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After taking a four-and-a-half-year career break to look after her two children, Ellein Cheng wanted to go back to work and become a “role model” for them. But, instead of returning to her previous job teaching mathematics in a school in New York City, she was eager to explore new avenues.
She signed up for a 16-week so-called returnship training scheme with AppNexus, a company involved in the field of advertising technology. Ms Cheng is one of the thousands of women globally who have re-entered the workforce via this route.
Returnships are often described as internships for those who have taken a prolonged period of time off work mid-career — most often women. The schemes have been particularly attractive among technology companies grappling with gender diversity issues and seeking to unearth much-needed talent.
They have grown in popularity in the US and Europe since around the early 2000s.
The programmes vary between employers, but returners are usually paid and receive training and mentorship over several weeks or months. At the end of that period, the company decides whether or not to hire the applicant.
Total estimated annual earnings boost for professional women in the UK if the career break penalty is addressed.
Source: PwC, The 30% Club
Two years on, Ms Cheng works full-time for the AppNexus as part of its consultancy solutions team, despite having had little prior knowledge of the advertising technology field.
Taking time out for childcare and other reasons can be detrimental to women’s career prospects and earning potential. Three-fifths of professional women in the UK are likely to end up in lower-skilled and lower-paid jobs when they return to work, according to a 2016 study by the consultancy firm PwC.
In March this year, further PwC research found that raising female participation in the workforce by 5 percentage points to 75 per cent could boost the UK economy by about 9 per cent of GDP.
Estimated boost to UK GDP if female participation in the workforce rose 5 percentage points to 75 per cent.
For employers, returnships are more than just a “feel-good” initiative, says Tami Forman, executive director of Path Forward, an US organisation that has worked with tech companies including Apple, PayPal and AppNexus on their programmes. They can also help employers to plug skills gaps, especially in the tech sector.
“As the US unemployment rate is the lowest it has ever been, [tech companies] especially in Silicon Valley, are having trouble finding people with five or more years of experience,” Ms Forman says.
Jennifer Howland witnessed many women leave the tech industry during her 33-year career at the software company IBM. So she established a returnship scheme to tempt them back.
The returners are trained in new specialities such as quantum computing, artificial intelligence and data science. They are assigned a technical mentor and a “buddy” to offer them support.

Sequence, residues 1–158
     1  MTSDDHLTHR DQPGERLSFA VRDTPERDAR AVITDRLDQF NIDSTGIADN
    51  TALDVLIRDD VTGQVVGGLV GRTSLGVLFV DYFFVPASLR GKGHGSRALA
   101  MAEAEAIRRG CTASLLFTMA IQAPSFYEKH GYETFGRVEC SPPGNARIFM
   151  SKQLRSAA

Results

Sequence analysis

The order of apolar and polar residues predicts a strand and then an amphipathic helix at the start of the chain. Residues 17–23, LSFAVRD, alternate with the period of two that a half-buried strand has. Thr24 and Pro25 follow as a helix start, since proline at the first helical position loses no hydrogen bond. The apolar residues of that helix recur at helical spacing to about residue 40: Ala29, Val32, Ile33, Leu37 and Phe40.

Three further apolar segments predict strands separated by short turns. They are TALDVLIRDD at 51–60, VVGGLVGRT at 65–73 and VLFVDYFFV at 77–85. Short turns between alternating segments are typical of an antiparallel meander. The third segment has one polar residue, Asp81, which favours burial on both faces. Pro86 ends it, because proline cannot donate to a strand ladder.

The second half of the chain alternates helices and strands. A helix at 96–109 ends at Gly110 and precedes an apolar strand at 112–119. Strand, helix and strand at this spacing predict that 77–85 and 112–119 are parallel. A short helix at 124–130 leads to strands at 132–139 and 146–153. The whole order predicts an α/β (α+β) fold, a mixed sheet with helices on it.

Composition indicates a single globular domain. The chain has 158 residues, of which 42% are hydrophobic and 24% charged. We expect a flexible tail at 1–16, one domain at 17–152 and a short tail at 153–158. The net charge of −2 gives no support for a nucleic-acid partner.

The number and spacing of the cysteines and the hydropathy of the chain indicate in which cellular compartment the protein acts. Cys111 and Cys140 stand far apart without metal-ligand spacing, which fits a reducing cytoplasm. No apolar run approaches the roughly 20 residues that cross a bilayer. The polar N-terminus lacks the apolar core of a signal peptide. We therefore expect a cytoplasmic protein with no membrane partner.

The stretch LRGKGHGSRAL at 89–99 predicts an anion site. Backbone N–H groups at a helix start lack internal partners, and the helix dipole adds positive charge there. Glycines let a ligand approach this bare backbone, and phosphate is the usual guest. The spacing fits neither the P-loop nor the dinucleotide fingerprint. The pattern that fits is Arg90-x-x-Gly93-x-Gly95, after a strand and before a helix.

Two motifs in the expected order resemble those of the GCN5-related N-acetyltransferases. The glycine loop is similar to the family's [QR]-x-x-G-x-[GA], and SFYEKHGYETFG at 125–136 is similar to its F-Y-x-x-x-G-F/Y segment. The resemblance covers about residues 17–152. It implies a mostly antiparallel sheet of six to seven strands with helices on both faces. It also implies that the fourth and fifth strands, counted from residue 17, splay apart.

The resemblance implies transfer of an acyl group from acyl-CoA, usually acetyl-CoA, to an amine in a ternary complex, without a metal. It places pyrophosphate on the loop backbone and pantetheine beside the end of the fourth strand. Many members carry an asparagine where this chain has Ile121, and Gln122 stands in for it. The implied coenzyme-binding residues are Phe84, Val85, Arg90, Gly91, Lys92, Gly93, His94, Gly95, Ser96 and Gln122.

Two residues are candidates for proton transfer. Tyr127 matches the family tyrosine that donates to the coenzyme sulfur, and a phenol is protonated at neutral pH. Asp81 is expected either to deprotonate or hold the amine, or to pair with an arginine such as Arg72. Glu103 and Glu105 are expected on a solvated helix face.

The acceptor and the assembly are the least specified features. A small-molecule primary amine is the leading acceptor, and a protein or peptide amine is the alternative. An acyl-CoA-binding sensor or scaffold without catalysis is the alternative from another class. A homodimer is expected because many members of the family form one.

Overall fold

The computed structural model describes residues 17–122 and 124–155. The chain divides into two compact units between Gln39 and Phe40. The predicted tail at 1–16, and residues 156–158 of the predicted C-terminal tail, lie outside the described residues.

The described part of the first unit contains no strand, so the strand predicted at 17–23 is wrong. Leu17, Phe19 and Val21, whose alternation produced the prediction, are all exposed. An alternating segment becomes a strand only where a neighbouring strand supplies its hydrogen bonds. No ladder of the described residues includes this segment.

“Returning can be quite daunting because technology changes so rapidly,” says Ms Howland.
“Many of the women are returning to the workforce not because they need to financially, but because they miss it,” she says. “They not only want to prove to themselves but [also] to family and friends that they can do this — it’s incredible to see the transformation.”
Now in its third year, the IBM scheme runs over 12 weeks in 16 locations in North America and India. IBM has hired 90 per cent of the 60 women who have completed the scheme. Yet this averages just 20 placements a year on offer globally — a tiny number when compared with the company’s nearly 400,000-strong workforce worldwide.
The returners have been received very positively by other employees at the company, Ms Howland says. IBM plans to expand the scheme to more countries.
One of the criticisms levelled at returnships is they can come across as patronising. Since mothers already often experience negative or potentially discriminatory behaviour in workplaces, returnships could make them even more of a target — particularly in the technology industry, where instances of ageism and sexism have been well documented.
In many cases the schemes also fail to address the reason that many women leave the workforce for extended periods in the first place — a lack of flexibility.
“[Mothers] face a lot of bias in the workforce in ways we don’t always recognise,” says Ms Forman. It is commonly assumed they are less ambitious and committed than other employees, she explains, but she believes returnships can help to change those perceptions. “They see [a returner] is doing amazing work, which can actually help to puncture some of those stereotypes,” she says.
For Ms Cheng, the struggles facing working mothers have compelled her to share her positive experience of the returnship scheme, especially with younger people at her company. “There is still a stigma out there that companies don’t look at applicants with career gaps,” she says.
“Whenever there is a space to encourage new moms, I should do that. I want to see changes.”
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